## 1. Introduction

[2] Periodic electromagnetic structures have received increased attentions in recent years for their applications in the design of frequency selective surfaces (FSS), electromagnetic band gap (EBG) structures, and negative index materials. The finite-difference time-domain (FDTD) method has been used to analyze these structures. To take advantage of the periodic replication of these structures, periodic boundary conditions (PBC) was developed and implemented in various forms so that only a single unit needs to be simulated [*Maloney and Kesler*, 2000]. Some representative PBCs include the Sin-Cosine method [*Harms et al.*, 1994], the unit cell shifting method [*Holter and Steyskal*, 1999], the split-field method [*Roden et al.*, 1998], and the spectral FDTD method [*Aminian and Rahmat-Samii*, 2004].

[3] In this paper, a simple and efficient FDTD/PBC algorithm is presented to analyze the reflection and transmission properties of periodic structures. Compared to many previous PBC techniques, a distinguish feature of the proposed algorithm is that periodic structures are simulated under a constant horizontal wavenumber instead of at a given incident angle. The idea of FDTD computation with constant wavenumbers was originated in the analysis of guided wave structures and eigenvalue problems [*Xiao et al.*, 1992; *Cangellaris et al.*, 1993], and then expanded to the plane wave scattering problems in [*Aminian and Rahmat-Samii*, 2004]. The novelty of this paper is the direct computation of E and H fields rather than the indirect calculation using auxiliary fields [*Aminian et al.*, 2005]. Thus, the conventional Yee's scheme is used to update the E and H fields. As a consequence, the proposed method possesses several advantages, such as the simplicity in the algorithm implementation, the same stability condition and numerical errors as those of the conventional FDTD method, and good computational efficiency near the grazing incident angles.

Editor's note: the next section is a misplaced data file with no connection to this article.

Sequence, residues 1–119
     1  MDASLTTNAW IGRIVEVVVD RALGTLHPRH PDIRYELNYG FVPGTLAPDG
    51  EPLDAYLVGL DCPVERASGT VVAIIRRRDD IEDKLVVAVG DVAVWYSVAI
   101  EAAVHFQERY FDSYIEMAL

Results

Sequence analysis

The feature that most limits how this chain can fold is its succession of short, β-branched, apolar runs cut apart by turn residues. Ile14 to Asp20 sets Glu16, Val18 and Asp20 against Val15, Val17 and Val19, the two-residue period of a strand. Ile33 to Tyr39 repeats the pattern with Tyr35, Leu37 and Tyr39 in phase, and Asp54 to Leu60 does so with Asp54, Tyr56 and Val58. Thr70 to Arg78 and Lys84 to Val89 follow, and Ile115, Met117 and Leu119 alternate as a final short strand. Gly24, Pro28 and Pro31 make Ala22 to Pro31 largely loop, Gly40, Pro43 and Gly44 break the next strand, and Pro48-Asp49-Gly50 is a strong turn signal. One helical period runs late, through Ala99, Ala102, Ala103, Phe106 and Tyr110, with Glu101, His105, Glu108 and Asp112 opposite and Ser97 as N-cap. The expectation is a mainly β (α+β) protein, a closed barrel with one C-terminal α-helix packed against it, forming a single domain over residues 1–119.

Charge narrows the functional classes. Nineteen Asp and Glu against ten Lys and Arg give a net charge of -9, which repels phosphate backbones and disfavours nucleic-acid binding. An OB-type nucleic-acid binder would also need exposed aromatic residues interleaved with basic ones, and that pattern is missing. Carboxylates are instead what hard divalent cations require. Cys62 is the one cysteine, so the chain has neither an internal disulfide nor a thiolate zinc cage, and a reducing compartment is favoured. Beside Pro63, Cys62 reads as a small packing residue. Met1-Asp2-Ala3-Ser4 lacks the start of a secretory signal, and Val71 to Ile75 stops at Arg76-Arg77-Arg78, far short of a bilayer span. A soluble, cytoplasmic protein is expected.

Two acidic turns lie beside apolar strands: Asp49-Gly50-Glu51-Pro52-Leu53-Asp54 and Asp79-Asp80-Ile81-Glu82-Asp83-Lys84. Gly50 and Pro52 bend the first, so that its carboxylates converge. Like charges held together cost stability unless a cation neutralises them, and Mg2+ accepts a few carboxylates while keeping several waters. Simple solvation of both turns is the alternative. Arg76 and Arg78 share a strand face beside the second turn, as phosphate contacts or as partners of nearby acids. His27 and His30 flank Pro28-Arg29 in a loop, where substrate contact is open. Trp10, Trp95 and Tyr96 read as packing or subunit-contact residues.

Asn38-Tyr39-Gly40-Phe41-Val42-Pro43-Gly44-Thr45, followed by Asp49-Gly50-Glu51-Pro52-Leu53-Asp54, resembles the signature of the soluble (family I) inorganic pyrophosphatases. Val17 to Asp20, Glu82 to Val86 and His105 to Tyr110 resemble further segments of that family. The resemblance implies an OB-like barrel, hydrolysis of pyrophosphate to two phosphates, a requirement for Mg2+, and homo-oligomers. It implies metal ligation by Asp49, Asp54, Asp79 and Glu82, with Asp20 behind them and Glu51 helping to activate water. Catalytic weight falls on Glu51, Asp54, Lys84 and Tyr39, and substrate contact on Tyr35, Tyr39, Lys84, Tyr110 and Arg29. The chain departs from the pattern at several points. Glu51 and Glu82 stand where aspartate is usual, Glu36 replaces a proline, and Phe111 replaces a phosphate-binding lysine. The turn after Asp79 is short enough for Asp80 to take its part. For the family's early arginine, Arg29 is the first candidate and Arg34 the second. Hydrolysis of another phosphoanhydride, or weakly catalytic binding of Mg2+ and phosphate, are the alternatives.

[4] The implementation procedure of the proposed FDTD/PBC algorithm is discussed and two key issues are addressed. The first one is the plane wave excitation in this algorithm. Since the new algorithm uses a constant horizontal wavenumber instead of an incident angle, the conventional plane wave incident approach is no longer applicable. Alternatively, a one-field plane wave excitation approach is proposed in this paper. For example, only horizontal E incident field is incorporated for the TE^{z} plane wave case and only horizontal H incident field for the TM^{z} case. The second implementation issue is the horizontal resonance associated with the numerical scheme. Due to the implementation of periodic boundary conditions (PBC), the energy exits from one side PBC will re-enter the computational domain from the opposite side PBC. Thus, if a wave propagates horizontally, its energy will not be absorbed by the perfectly matched layers (PML). As a consequence, a horizontal resonance occurs and the fields never decay to zero in the time domain. It is revealed in this paper that the horizontal resonance can be suppressed by properly designing the excitation waveforms.

[5] The developed algorithm is used to analyze several periodic structures such as a dielectric slab and a frequency selective surface (FSS) consisting of dipole elements. The simulation results are compared with analytical results, results from a split field FDTD method, and results from commercial software such as Ansoft HFSS and Designer. Good agreement between these results is observed, which demonstrates the validity and accuracy of the new algorithm.